Low commodity prices in 2015 prompted energy companies to drastically revise their operational, capital expenditure (capex), finance and risk management plans. Industry-wide, capital expenditures fell an estimated 45% in 2015 versus 2014.
For 2016, the outlook suggests continuing frugality as the prevailing industry view is for oil and gas prices to remain “lower for longer,” reports Citi.
In two recently-issued articles, the group discuss how chief financial officers (CFOs) and treasurers are adjusting to these changes and working with their banks to beef up their global strategy. The authors are Jim Reilly, vice chairman and global head of energy corporate banking at Citi and Peter Langshaw, global sector sales head for energy, power, chemicals, metals and mining.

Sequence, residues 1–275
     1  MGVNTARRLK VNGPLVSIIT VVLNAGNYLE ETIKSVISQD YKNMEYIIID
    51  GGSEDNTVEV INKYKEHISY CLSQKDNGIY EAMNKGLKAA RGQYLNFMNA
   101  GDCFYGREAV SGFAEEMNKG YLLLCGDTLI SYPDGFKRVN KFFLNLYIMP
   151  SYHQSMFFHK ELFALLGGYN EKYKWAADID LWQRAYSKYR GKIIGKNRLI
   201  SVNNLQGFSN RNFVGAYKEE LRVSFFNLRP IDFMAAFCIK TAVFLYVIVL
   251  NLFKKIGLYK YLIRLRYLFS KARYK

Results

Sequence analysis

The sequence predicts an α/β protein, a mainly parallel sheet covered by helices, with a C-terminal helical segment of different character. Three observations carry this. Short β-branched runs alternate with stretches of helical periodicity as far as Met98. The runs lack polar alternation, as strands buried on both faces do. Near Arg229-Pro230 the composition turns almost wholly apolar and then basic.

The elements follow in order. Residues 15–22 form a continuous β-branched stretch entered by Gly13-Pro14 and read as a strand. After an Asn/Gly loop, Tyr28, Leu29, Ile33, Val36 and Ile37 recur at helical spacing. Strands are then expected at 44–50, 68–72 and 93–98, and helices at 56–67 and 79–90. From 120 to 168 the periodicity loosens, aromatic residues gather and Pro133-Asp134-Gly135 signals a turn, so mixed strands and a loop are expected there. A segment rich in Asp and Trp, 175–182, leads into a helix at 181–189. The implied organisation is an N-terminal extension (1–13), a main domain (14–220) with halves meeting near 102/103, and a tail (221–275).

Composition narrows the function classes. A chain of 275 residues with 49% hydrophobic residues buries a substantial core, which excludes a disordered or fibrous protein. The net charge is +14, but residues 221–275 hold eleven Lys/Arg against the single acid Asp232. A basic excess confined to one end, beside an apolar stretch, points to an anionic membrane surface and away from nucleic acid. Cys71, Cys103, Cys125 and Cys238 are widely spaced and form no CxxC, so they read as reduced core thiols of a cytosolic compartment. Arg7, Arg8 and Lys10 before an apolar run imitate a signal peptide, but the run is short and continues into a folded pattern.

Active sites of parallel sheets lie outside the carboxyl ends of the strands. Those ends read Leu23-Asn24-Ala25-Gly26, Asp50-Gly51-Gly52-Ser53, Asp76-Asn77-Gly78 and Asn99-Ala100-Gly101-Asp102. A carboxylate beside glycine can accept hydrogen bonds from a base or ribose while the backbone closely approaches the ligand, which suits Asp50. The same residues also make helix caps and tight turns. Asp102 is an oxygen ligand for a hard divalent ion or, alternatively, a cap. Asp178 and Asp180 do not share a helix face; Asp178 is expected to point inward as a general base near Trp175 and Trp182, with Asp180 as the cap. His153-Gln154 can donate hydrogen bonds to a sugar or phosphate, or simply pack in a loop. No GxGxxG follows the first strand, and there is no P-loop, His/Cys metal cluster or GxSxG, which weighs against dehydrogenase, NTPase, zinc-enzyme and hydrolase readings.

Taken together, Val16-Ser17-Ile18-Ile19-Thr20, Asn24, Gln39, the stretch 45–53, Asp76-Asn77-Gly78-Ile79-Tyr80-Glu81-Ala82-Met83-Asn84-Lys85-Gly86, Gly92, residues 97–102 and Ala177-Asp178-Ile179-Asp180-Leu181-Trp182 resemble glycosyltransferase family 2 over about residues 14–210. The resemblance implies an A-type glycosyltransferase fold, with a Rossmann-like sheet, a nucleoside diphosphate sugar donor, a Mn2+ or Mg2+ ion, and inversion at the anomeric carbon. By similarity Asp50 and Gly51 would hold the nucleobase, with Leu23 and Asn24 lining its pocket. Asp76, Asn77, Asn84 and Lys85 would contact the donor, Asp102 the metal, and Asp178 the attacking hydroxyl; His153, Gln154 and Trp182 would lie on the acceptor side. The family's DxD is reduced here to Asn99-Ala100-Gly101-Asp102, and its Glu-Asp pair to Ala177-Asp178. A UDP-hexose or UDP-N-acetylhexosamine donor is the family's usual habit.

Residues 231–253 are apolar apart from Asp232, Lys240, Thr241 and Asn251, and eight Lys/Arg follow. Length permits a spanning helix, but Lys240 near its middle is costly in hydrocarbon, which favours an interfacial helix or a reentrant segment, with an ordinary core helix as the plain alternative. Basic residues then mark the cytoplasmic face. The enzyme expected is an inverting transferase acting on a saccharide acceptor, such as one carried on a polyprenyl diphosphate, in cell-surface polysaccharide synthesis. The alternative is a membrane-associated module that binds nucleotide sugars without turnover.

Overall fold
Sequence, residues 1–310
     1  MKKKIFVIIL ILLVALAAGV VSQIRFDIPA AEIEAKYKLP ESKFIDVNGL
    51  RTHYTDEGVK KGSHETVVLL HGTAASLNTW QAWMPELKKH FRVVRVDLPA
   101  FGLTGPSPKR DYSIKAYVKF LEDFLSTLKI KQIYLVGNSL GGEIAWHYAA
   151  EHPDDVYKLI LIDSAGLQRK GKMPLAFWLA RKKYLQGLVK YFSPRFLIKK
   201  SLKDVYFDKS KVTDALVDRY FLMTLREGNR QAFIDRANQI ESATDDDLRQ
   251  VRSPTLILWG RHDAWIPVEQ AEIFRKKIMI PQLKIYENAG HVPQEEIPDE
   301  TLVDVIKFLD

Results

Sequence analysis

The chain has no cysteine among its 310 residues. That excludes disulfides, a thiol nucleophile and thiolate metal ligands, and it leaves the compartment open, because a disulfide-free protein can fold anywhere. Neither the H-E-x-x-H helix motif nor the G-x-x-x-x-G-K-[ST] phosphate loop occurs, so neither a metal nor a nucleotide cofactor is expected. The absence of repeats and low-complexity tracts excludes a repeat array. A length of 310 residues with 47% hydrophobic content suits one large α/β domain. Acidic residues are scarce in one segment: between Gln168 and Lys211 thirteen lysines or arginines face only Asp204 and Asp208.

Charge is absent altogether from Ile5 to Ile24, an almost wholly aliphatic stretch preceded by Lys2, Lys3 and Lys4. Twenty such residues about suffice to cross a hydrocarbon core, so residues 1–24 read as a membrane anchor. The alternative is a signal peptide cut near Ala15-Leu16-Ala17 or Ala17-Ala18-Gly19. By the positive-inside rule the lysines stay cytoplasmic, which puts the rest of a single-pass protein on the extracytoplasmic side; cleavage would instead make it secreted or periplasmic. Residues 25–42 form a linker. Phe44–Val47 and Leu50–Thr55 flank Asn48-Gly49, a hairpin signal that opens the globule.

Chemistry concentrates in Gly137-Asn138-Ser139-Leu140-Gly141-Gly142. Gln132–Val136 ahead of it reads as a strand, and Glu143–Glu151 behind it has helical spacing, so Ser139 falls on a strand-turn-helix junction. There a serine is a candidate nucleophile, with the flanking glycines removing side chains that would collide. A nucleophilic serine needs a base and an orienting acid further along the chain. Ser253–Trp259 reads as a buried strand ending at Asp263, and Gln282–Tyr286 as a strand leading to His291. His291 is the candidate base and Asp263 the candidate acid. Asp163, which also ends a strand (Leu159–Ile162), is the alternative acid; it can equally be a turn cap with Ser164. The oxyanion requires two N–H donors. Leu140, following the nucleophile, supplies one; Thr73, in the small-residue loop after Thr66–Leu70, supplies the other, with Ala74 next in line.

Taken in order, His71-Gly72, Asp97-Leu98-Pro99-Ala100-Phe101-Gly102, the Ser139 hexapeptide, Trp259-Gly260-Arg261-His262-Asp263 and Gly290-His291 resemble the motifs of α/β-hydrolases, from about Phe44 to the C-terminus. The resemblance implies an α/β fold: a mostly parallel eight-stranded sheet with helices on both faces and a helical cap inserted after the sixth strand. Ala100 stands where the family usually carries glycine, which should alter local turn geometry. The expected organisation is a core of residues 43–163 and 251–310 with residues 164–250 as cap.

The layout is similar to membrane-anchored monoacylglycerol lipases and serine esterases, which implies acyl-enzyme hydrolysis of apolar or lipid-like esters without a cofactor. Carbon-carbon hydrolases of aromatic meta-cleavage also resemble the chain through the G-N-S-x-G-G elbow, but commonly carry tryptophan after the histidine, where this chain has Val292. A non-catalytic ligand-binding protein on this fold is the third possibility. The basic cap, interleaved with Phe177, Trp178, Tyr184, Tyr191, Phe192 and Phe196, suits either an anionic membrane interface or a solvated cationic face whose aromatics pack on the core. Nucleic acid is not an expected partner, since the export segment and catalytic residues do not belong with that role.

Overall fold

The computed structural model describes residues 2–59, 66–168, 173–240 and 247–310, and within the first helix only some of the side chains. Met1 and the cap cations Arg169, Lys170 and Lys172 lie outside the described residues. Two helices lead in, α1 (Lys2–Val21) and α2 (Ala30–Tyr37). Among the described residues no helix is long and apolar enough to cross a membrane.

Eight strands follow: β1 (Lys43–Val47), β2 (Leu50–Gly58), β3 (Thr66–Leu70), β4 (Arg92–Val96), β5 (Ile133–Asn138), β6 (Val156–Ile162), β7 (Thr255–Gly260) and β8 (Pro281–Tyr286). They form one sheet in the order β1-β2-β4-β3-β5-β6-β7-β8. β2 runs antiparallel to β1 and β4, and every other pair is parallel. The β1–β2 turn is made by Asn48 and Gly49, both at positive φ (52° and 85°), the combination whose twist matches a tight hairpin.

Both papers, under the title “Adapting to ‘Lower for Longer: How Companies are Adopting and Embedding Resilience’, can be accessed here.
A study of the leadership pipeline at the UK’s FTSE 100 corporates shows modest progress, but many top companies still have no ethnic minority presence.
The world’s second-biggest economy will grow faster than previously predicted over the next four years, but the rate is unsustainable unless China addresses the problem says the International Monetary Fund.
The insurance industry will also benefit as private businesses increasingly bypass the public internet and communicate with one another direct, predicts Equinix.
The information and communications technology sector is suffering a triple whammy from slower growth, thin profit margins and fierce competition, claims Atradius.